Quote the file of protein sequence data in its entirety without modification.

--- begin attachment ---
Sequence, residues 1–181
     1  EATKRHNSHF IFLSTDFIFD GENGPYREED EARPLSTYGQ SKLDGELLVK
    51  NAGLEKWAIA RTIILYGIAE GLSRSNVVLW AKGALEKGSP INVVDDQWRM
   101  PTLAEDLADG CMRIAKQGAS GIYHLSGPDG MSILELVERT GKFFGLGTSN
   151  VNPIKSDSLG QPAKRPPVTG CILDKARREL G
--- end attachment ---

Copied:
Sequence, residues 1–181
     1  EATKRHNSHF IFLSTDFIFD GENGPYREED EARPLSTYGQ SKLDGELLVK
    51  NAGLEKWAIA RTIILYGIAE GLSRSNVVLW AKGALEKGSP INVVDDQWRM
   101  PTLAEDLADG CMRIAKQGAS GIYHLSGPDG MSILELVERT GKFFGLGTSN
   151  VNPIKSDSLG QPAKRPPVTG CILDKARREL G